Posts tagged ‘tertiary education opportunities’

March 15, 2012

Facts and Stats on Education in Africa (Part 2)

I can’t believe it was three yeas ago that I posted the first post of interesting facts I’ve come across on education in Africa. Brought back by popular demand, here are some more interesting facts and stats on education in Africa. Special thanks to Kristin for compiling most of these 🙂

Facts on Girls’ Education in Africa

  • A girl who finishes basic education is 3 times less likely to contract HIV/AIDS. (USAID)
  • If all women in sub-Saharan Africa finished secondary education, 1.8 million lives could be saved annually. (USAID)
  • Nearly half (47%) of primary school aged girls are not attending school. (Nation Master)
  • For every year that a girl remains in school beyond 4th grade, their wages increase 20%. (USAID)
  • Between 2004 and 2010, pregnancy among Tanzanian girls aged 15 to 19 years fell by about 12%. Still, more than 40% of young women begin having children by age 18, and the country has one of the highest adolescent pregnancy rates in the world. (UNICEF)
  • In 2010, a survey showed that at least 93% of girls from the wealthiest households completed primary education, as compared to only 54% from the poorest families. (The Citizen)
  • Girls in urban areas of Tanzania were eight times more likely to finish secondary education than girls in rural areas. (The Citizen)
  • In Tanzania, 49% of girls among the wealthiest households compared with only 9% from the poorest families complete secondary education. (The Citizen)

School Enrollment in Africa

  • Globally, 69 million school-age children are not currently attending school. (The New York Times)
  • Currently, Tanzanian children are expected to receive 5.3 years of schooling in their lifetimes. (UN)
  • About 58% of 5-to- 6-year-olds in Tanzania do not attend pre-primary schools, which serves as a foundation for better educational outcomes. (The Citizen)
  • There are 604,378 primary-school aged children who do not currently attend school. (Nation Master)
  • Only 72% of students complete primary school. (Nation Master)
  • The student-teacher ratio in Tanzanian primary schools is 55.86 students per teacher. (Nation Master)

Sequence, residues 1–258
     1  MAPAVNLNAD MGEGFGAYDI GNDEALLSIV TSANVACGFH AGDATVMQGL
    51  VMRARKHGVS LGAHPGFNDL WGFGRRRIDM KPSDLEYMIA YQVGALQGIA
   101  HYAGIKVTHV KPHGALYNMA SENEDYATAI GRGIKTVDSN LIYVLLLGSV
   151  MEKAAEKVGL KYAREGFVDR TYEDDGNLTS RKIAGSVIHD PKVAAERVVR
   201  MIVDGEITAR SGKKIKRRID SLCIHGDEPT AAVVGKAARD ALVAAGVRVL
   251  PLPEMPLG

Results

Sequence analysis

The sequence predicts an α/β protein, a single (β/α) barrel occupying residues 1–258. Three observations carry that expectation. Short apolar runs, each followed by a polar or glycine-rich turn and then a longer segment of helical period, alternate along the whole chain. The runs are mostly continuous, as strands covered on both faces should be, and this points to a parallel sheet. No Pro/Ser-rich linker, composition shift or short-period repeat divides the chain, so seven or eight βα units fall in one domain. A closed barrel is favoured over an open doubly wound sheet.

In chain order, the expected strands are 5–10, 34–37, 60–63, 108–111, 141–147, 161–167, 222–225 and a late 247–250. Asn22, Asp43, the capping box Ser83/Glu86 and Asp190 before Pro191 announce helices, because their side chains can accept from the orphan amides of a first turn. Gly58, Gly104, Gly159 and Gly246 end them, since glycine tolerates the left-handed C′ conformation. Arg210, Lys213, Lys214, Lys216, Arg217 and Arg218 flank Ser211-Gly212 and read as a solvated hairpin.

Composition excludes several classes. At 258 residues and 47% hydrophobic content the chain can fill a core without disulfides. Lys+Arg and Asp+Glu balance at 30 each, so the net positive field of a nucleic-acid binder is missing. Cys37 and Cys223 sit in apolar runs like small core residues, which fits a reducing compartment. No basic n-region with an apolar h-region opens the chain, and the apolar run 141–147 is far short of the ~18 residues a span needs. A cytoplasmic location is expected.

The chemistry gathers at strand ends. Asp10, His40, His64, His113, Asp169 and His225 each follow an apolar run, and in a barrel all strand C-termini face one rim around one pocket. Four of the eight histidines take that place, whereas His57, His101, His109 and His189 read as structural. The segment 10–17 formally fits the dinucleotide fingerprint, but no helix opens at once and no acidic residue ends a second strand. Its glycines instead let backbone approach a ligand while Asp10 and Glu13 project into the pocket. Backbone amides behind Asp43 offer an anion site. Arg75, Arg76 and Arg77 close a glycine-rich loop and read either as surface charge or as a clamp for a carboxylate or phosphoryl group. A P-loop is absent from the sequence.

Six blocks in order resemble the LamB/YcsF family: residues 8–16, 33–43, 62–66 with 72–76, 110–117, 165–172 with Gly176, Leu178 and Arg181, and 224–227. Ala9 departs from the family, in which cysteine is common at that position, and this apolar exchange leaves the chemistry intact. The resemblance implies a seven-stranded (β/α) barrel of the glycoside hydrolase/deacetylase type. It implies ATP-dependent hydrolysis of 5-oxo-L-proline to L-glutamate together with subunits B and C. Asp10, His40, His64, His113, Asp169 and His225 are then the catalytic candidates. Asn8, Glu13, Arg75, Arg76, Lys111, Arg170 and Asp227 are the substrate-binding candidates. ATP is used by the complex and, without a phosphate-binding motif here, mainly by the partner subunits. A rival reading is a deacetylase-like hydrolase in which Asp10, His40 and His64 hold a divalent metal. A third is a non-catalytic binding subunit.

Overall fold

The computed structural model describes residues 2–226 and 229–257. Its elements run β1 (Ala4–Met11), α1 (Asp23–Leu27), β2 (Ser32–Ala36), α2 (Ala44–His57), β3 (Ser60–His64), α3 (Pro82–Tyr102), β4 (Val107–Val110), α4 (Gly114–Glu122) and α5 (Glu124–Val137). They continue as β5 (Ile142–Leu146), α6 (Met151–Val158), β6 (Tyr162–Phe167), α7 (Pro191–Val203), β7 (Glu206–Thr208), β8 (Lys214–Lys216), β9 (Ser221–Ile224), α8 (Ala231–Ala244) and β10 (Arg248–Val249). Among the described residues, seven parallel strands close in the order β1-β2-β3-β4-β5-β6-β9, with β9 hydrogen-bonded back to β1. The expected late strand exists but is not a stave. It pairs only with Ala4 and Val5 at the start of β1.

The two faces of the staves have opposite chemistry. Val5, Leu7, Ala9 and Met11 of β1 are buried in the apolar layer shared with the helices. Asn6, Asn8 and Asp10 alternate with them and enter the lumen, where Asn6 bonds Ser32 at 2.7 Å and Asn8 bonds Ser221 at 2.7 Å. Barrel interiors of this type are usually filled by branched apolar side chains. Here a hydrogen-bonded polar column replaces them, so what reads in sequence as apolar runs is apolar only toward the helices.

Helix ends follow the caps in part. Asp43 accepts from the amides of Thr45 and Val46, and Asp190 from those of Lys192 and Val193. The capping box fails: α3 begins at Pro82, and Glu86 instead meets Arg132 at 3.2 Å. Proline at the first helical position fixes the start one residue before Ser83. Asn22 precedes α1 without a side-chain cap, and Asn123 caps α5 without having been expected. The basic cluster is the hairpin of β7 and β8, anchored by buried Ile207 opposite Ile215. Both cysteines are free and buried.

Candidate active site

• Two thirds of Tanzanian children do not go on to secondary school. (UNICEF)
  • Only 0.7% of students enroll in tertiary education. (Nation Master)

Poverty and Education

  • Many of the 7.6 million young Tanzanian children today are living in poverty.  (The Citizen)
  • Typically, poor countries devote budgets for education disproportionately to universities and higher education, because urban, middle-class students and their families have political clout. Consequently, primary schools in rural areas and urban slums are widely neglected. (The New York Times)
  • 88% of Tanzania schoolchildren in urban areas were attending primary school, as compared with 78% in rural schools. (The Citizen)
  • For each year of school completed, an individual’s earnings increase by 10%. (USAID)
  • On average, Tanzanian adults have had 5.1 years of schooling. (UN)

Literacy in Africa

  • Less than three-quarters (73%) of Tanzanian adults are literate. (World Bank)
  • Among Tanzanians aged 15 to 24 years, 79% of males and 76% or females are literate. (World Bank)
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December 16, 2011

Higher Education in Africa

While primary education is an essential step forward,  the importance of higher education should not be neglected.

According to a UNESCO report on education in Africa, enrollment rates in higher education in sub-Saharan Africa are by far the lowest in the world.

The report brings to light the importance of higher education in our changing world:

“Higher education continues to play a vital role, which is likely to increase further, in the new knowledge-based and globalizing economy. Thus, beyond the question of the fundamental right to education of all levels, acquiring knowledge to navigate the complexities of this world is a necessity for everyone especially the groups that have been hitherto marginalized.

Women compose one of those marginalized groups.

In developing countries, especially in Africa, there are still historical, cultural, and economic factors that have been hindering women’s chances for access to and benefits from formal education, especially at the tertiary level.

Looking specifically at Tanzania, data from the Basic Education Statistics in Tanzania (BEST), shows that in both government and non-governmental higher learning institutions (of which there are currently 32), the percentage of female students has been rising from 31.4 percent  in 2007/2008 – or 16,358 students – to 37.1 percent (51,860 students) in 2010/2011. The total to both gender is 45,501 in 2007/2008 and 139,638 in 2010/2011.

Increasing tertiary education opportunities for women can make a big difference in Tanzania.  In the country today there is the saying ‘ukimwelimisha mwanamke umeelimisha jamii’.  In English this means: “If you educate a woman, you educate a family.”  This statement captures the profound effect that women can have on the overall well-being of society.  By gaining access to higher education, women who aspire for knowledge  can supplement the communal struggle to eliminate poverty.

Associate Prof Marit Tjomsland of University of Bergen, Tunisia, insists that ” women’s higher education stands as a highly efficient way of shaping more gender-equitable societies and thus as a major vehicle for general development.”

Providing women in Africa with access to higher education opportunities can have a huge impact.  Increasing education can help to break down cultural barriers, remove gender stereotypes, and strengthen development efforts.